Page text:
NODFACTOR: Dre said he’s finally putting out Detox in November. Should we believe it or not?
DAZ: You better believe it, ‘cause I’m on my way out there on the 8th to drop my part. ‘Cause everybody else did theirs. Snoop did went over there, Kurupt went over there. I talked to Dr. Dre on the phone and he’s like, ‘Daz, come on over here.’ So I know it’s going down. Once you have Snoop on there, it’s solidified.
And I’ve done heard some of the songs that motherfucker did. He’s tight with that 5.1 Dooby [I think he meant Dolby] shit…Dr. Dre on some other shit. He got a song with 50 Cent, Dr. Dre and R.Kelly. So that shit knocks.
NODFACTOR: Are you just doing verses or are you contributing any production to it?
DAZ: I ain’t went over yet to let Dr. Dre hear what I got. I just need to get my shit together right now so when I get off the road, everybody going back, everybody gon’ be over there. So I go over there, late style, you know what I mean?
NODFACTOR: Now there’s a lot of stuff that you did for Death Row after Dre left but a lot of people still don’t realize how much you did. What was some of the stuff you produced for Death Row after he died?
DAZ: I mean, I did remixes of his, songs with 2pac, Top, and you know, just different other stuff. We was really about us, we was just doing the music. I’m like, g-songs, know what I mean? Just put them all on auto [?] and then my real name, all that shit going to pop up. Put that in your engine in the Google and my whole history pop up. Ever since I was 15 years old.
NODFACTOR: I read an article you did one time, you said you used to do a lot of digging online. You go to iTunes and listen to music and get ideas from beats by doing that. Do you still do that?
DAZ: Yeah, I still get a lot of ideas from everything. I’m just getting into everything. Expand your mind. Travel. You know, ‘cause I live in Atlanta.
NODFACTOR: How is that different?
DAZ: It’s some street shit, it’s about how you make it. I’m like, if it’s Too $hort out there, if it’s me, nawmean? I’m a West Coast nigga in the South! They respect me up there and I respect them. And we get money together, me and DJ Funky and other people, nawmsayin’? And I got the knowledge on this digital distribution so I just be hookin’ niggas up. You gotta have product. Have your shit, I’ll bust on your shit, here you go, homey, you can have that.
NODFACTOR: How did you become so comfortable with all the digital distribution?
DAZ: You know, learning. Keep your mind open. Never say no. Stop being traditional. Just getting into new things. My lawyer told me, ‘that digital ain’t going to pay like that!’ But now you get a check and you hear, ‘Ohhh!’ [laughs] Yeah, you know what I mean? iTunes, Napster, and a whole bunch of stores online. I just drop ‘em like that and they put ‘em on the internet. ‘Cause they got to buy ‘em to put ‘em on the internet. Or they hackin’ them motherfuckers. There’s a lot of hackers out here. I got about 300 new programs I ain’t even paid for. The internet can hurt ya and it can make ya.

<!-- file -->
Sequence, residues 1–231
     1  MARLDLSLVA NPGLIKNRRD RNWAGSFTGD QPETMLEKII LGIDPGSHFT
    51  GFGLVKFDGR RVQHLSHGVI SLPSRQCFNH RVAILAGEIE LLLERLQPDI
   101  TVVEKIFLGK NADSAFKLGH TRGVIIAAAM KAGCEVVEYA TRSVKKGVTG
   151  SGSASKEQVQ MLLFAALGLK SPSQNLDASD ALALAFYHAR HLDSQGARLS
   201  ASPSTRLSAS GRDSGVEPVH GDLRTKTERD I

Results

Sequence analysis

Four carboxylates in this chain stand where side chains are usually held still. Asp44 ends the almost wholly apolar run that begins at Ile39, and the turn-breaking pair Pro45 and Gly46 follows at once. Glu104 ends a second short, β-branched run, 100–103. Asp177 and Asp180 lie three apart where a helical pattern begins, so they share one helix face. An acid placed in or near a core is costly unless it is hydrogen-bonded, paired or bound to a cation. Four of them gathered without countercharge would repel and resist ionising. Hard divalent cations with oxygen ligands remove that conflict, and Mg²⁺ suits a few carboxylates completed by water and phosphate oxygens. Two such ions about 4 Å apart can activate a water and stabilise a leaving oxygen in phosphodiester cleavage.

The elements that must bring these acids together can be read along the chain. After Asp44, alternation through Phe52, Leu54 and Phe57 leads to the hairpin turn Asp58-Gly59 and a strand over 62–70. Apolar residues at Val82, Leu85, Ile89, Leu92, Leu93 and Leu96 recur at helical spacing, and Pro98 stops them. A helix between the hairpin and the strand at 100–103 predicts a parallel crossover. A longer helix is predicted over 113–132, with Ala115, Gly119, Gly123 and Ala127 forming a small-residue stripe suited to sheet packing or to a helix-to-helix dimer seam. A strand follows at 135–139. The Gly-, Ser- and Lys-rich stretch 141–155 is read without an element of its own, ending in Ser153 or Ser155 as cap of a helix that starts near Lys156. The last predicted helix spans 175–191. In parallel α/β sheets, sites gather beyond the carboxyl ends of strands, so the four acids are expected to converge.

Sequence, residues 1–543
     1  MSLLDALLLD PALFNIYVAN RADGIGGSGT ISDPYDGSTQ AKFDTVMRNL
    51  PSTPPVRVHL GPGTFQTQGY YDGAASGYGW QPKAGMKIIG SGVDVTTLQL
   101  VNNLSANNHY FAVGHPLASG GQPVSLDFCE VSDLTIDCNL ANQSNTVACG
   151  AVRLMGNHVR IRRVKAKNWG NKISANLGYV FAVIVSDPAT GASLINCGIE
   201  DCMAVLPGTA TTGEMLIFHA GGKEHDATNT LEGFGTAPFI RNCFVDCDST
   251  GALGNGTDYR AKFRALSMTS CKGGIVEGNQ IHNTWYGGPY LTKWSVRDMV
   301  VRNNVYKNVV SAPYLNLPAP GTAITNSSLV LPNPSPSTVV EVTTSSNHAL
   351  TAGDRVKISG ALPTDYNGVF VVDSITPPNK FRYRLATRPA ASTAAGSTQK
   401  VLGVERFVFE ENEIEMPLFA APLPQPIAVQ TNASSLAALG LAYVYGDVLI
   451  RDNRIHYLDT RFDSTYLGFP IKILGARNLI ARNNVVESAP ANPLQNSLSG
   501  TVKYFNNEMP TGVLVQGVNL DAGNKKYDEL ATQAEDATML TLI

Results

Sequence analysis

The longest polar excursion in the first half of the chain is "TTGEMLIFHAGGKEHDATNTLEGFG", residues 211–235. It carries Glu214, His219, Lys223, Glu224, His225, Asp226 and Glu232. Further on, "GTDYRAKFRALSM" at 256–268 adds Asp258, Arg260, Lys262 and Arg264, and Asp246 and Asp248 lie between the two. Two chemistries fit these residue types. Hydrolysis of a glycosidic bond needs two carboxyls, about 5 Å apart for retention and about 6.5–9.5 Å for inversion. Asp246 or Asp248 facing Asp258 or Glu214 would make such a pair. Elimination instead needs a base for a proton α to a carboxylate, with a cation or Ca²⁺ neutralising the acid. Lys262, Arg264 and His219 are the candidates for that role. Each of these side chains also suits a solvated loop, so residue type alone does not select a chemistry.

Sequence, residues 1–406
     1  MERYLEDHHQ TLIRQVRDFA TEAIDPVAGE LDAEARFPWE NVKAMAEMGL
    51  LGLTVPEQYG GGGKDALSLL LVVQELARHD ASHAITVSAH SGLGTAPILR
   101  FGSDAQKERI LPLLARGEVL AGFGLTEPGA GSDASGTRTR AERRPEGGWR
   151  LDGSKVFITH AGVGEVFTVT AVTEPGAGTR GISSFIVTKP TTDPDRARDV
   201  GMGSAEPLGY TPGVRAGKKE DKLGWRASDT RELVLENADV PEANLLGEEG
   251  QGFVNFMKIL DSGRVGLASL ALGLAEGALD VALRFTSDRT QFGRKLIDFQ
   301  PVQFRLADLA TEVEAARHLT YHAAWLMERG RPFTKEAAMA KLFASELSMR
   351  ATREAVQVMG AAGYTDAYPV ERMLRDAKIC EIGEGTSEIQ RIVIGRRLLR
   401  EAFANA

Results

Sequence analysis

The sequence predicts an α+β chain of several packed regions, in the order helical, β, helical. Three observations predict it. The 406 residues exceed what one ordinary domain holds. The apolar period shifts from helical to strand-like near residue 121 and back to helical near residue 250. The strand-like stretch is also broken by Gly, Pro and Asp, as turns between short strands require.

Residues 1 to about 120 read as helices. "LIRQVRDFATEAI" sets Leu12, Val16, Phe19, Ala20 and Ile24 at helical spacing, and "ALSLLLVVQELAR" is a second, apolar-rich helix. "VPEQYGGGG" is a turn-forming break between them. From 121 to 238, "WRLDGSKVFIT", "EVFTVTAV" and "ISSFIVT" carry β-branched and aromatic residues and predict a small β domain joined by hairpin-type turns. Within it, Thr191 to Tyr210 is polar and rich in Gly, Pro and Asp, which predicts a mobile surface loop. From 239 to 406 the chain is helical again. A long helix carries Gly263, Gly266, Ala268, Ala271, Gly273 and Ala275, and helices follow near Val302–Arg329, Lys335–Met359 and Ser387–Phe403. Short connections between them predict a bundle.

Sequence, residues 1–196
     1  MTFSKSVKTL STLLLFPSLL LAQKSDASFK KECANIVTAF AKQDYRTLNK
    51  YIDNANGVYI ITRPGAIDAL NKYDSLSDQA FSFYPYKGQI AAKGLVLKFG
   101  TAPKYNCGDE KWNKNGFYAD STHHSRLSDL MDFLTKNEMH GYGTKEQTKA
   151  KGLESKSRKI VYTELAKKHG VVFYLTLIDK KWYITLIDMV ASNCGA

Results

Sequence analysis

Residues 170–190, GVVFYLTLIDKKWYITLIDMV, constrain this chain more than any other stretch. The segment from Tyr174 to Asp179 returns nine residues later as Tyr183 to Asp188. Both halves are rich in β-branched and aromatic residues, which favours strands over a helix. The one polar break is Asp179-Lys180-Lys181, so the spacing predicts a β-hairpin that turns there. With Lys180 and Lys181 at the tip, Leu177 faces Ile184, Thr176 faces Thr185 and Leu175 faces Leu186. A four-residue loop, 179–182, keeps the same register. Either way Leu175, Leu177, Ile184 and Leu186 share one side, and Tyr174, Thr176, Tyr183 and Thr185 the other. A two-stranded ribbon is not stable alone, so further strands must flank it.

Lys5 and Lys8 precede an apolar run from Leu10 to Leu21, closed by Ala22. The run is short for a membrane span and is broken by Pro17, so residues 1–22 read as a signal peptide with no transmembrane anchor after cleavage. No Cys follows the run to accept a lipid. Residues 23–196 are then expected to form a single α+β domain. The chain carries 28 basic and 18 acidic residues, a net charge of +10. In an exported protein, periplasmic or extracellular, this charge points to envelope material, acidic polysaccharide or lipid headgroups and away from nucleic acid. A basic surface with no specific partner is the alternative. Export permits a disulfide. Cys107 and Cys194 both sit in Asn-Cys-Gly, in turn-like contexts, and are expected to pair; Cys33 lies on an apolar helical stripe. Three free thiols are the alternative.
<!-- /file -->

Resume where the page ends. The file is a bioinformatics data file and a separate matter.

NODFACTOR: Yeah, I know. If information gets out there, rappers gotta change their whole personas. People’s whole job records is out there. [laughs]
DAZ: [laughs] Nah man, they trying to put the whammy on my boy Rick Ross.
NODFACTOR: What do you think of that?
DAZ: Getting that shit published out to a motherfucker. [?]
NODFACTOR: So you think it’s Photoshopped?
DAZ: You never know. Shit. I know Suge Knight, he was doing dirty shit like this and we was doing the same thing.
NODFACTOR: Making up pictures of people?
DAZ: All kind of shit. About jealous motherfuckers trying to destroy your career.You gotta bounce back over this shit.
NODFACTOR: What kind of things did Suge ever do? I thought he just intimidated people, I didn’t think he went to those levels.
DAZ: Yeah, he ain’t did shit but lose his company. But you know, hey, they’re still here. He in Boston. Let’s check about 30 years from now and see what’s crackin’. He ain’t got no artists, he can’t get back in the game. He probably got some money hidden somewhere but goddamn, how long’s that gonna last? Money don’t last forever ‘til you work.
NODFACTOR: Now you got dude’s barbers knockin him out in nightclubs
DAZ: Heh heh. Shit, the bartender going to knock him out. Shit…a roach! Never know, know what I mean? That’s why I just keep my mind on my business and my business on my mind. And my business don’t let me go around and bullshit. I don’t give a fuck about being no big star, doing this and this and this, I’m just doing me, nawmean? I move around a lot and that’s what I like doing. I’m in the hood, I’m a hood nigga, we do all this but I’m like, handle your business. Raise your kids and shit like that.